Know your water

Know Your Water

Australian water

quality is great.


By the time it travels from the water treatment plant to your tap, it may have picked up a number of contaminants such as heavy metals, chemicals and unwanted minerals that can affect the quality of your drinking water.

So find out your local water conditions below or hear what other BRITA customers have to say.


Envirolab Water Testing Results

Results below show water samples collected from 60 homes throughout Australia that were independently tested by Envirolab for Lead, Copper, Chlorine, Aluminium and Turbidity. And there were trace elements of Lead, Copper, Chlorine and Aluminium in all 60 houses tested, however the levels of each contaminant varies from household to household.

1.5 million households have already used our product in Australia – read how BRITA filtration has transformed their tap water.

Not Sure if you live in a hard or soft water area?

Zoom in or enter your suburb below to find out.

Moderately hard
Moderately hard

Note: Water results are for informational purposes only where the levels of each contaminant varies from household to household. The Water Hardness data is collated from publicly listed Water Quality Management reports dated 2016-2017 from local government and water bodies across Australia. Water test results conducted by Envirolab across 60 locations throughout in March 2018 to measure lead, copper, chlorine and aluminium.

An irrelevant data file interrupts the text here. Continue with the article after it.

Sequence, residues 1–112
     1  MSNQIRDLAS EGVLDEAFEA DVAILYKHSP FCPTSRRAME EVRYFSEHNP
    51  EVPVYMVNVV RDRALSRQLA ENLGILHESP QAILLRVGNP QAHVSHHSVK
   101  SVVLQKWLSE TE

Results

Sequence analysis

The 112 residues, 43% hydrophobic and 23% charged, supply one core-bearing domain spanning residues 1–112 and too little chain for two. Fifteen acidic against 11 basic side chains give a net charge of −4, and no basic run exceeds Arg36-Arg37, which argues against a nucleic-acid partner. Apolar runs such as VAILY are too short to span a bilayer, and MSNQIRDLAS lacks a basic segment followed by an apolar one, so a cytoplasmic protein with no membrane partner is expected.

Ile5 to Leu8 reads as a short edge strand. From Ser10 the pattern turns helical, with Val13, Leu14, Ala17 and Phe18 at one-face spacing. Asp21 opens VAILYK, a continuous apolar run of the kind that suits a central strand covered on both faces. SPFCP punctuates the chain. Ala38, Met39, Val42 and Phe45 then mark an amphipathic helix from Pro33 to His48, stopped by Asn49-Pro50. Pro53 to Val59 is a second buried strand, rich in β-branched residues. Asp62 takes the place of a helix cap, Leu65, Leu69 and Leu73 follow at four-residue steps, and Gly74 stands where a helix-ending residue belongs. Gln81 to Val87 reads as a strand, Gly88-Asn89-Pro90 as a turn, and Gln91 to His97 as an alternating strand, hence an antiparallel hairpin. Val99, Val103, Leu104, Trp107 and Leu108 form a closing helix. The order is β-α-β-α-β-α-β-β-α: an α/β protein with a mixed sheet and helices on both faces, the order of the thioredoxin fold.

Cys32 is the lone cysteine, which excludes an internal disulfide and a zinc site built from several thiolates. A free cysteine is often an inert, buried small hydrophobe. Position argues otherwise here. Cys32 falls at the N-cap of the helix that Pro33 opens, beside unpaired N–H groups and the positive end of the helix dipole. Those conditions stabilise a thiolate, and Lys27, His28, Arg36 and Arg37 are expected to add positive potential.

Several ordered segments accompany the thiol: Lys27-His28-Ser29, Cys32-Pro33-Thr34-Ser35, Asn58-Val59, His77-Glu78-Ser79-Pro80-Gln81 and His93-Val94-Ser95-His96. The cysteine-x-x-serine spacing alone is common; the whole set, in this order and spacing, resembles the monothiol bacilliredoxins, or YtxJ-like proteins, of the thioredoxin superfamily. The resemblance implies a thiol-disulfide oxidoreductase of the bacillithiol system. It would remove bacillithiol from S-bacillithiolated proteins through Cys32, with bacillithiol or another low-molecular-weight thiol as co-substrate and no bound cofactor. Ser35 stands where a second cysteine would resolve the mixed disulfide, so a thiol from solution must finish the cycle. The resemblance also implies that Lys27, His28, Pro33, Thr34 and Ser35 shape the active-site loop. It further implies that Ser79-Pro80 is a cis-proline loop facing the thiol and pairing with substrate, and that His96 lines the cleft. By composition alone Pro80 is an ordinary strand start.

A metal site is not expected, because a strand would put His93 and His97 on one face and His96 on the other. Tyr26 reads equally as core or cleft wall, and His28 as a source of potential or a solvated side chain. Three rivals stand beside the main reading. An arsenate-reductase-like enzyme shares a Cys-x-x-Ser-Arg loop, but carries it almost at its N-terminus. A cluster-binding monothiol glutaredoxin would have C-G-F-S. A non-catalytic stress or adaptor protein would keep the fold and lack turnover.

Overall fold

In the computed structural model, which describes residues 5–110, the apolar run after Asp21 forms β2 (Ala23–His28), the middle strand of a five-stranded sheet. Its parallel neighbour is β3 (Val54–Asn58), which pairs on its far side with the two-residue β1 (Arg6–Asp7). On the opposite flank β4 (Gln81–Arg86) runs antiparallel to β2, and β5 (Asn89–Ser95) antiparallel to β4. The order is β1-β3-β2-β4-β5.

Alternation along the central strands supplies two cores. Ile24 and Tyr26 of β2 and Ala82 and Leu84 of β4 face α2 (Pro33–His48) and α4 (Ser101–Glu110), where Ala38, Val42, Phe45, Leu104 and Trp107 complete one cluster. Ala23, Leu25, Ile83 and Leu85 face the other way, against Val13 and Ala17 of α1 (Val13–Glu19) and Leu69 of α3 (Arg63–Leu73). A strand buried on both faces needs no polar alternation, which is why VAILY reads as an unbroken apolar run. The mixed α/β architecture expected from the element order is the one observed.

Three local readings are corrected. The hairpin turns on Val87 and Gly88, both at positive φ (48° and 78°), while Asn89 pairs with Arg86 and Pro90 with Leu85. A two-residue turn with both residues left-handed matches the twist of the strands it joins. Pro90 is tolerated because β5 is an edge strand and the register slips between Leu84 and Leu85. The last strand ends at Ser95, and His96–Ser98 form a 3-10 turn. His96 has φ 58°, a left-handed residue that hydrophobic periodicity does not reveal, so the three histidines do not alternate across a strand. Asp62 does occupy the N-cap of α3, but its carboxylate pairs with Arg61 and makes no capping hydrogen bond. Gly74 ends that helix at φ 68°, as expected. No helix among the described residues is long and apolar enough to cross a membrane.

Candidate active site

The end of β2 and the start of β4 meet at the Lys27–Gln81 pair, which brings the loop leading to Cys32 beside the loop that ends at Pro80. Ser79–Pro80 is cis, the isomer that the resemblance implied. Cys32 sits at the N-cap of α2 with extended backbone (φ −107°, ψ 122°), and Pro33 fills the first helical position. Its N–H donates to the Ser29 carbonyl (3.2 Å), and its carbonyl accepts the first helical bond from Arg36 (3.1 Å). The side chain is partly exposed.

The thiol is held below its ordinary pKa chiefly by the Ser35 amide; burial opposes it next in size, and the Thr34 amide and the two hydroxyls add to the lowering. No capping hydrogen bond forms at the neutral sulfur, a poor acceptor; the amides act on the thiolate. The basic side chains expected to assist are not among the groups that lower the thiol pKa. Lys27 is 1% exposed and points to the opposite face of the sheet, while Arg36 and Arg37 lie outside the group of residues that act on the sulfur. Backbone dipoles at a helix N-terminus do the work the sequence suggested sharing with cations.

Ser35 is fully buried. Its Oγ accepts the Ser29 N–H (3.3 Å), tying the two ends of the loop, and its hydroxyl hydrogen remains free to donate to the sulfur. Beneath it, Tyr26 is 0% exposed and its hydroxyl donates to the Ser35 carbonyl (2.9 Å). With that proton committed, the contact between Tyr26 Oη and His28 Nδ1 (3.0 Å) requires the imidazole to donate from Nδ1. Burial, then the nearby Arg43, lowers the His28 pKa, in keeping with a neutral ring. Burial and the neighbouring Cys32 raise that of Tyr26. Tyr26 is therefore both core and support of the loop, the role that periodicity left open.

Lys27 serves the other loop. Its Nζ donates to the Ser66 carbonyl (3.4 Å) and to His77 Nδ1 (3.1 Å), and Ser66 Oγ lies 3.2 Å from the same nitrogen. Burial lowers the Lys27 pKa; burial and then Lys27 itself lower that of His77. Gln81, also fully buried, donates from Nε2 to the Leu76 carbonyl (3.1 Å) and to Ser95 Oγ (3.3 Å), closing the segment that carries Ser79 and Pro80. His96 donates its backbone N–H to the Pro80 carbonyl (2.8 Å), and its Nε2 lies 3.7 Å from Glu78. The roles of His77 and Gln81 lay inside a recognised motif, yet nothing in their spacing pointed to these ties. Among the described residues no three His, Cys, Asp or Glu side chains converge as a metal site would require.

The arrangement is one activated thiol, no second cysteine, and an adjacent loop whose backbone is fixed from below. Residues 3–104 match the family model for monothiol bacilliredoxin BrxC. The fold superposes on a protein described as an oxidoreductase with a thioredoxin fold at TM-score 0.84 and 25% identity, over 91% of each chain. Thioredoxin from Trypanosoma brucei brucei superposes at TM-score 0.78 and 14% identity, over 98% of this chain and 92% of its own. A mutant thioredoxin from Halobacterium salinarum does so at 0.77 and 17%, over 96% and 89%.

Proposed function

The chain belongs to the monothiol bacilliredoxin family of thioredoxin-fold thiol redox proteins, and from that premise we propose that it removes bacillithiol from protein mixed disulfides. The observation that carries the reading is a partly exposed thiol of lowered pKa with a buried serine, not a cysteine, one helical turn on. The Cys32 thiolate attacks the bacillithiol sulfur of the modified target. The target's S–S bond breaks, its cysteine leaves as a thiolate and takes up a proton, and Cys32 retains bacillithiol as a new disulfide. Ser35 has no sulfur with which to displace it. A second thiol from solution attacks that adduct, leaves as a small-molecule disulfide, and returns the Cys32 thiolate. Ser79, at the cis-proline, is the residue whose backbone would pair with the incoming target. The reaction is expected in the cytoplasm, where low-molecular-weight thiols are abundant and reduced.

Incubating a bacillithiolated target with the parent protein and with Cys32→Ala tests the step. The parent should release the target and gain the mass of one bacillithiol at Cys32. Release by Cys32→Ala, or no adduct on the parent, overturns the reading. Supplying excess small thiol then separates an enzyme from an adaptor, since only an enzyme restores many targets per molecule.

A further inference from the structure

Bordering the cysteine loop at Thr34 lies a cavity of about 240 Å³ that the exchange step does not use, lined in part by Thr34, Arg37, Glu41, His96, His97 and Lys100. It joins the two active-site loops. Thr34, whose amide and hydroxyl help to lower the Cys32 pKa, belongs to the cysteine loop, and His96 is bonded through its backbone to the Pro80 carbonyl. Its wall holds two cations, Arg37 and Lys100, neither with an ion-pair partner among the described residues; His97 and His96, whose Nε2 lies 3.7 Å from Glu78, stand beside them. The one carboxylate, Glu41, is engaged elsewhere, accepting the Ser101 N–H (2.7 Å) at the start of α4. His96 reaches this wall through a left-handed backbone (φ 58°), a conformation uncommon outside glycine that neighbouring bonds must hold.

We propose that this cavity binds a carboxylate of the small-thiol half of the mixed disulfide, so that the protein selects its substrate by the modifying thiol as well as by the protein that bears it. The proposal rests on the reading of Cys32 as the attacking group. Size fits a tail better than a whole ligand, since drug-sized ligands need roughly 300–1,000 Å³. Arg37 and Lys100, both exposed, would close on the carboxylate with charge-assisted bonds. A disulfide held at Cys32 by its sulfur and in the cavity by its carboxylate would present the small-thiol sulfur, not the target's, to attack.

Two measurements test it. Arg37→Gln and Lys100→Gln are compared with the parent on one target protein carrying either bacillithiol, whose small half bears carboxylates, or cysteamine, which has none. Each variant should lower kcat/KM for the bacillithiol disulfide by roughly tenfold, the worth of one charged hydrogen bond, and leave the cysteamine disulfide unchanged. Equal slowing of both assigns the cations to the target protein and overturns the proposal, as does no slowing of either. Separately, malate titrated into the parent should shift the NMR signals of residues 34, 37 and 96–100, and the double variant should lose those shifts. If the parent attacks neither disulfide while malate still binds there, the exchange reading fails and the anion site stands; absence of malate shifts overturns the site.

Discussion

What's in your tap water


Chlorine is a chemical used by water treatment plants in Australia to reduce bacteria, viruses and microorganisms to ensure drinking water quality. Whilst it’s not harmful, the overwhelming scent makes water unpleasant to drink.


Limescale build up is a common occurrence affecting those living in moderate to hard water areas such as Perth, Adelaide and parts of Queensland. Whilst this isn't harmful to our health, hard water often results in the unpleasant smell, taste and mouthfeel when drinking.

Heavy Metals

Heavy metals such as lead, can leach into water from pipes, solder, fixtures and faucets (brass) and fittings. Some pipe are fitted with lead based solder (prior to 1986).

The amount of lead in your water also depends on a number of factors including: how long the water stays in the pipes; the age of the pipes; and water acidity and its temperature.

Other Sediments

One of the most common issues with aging pipes is corrosion (also known as rust). Usually it forms a sediment that settles on the bottom of the pipes and remains there until stirred up by repairs to the pipes or by changes in pressure. As water travels through the corroded pipes, it may also pick up rust and dirt from the pipes particularly, if there’s been repair work in the area.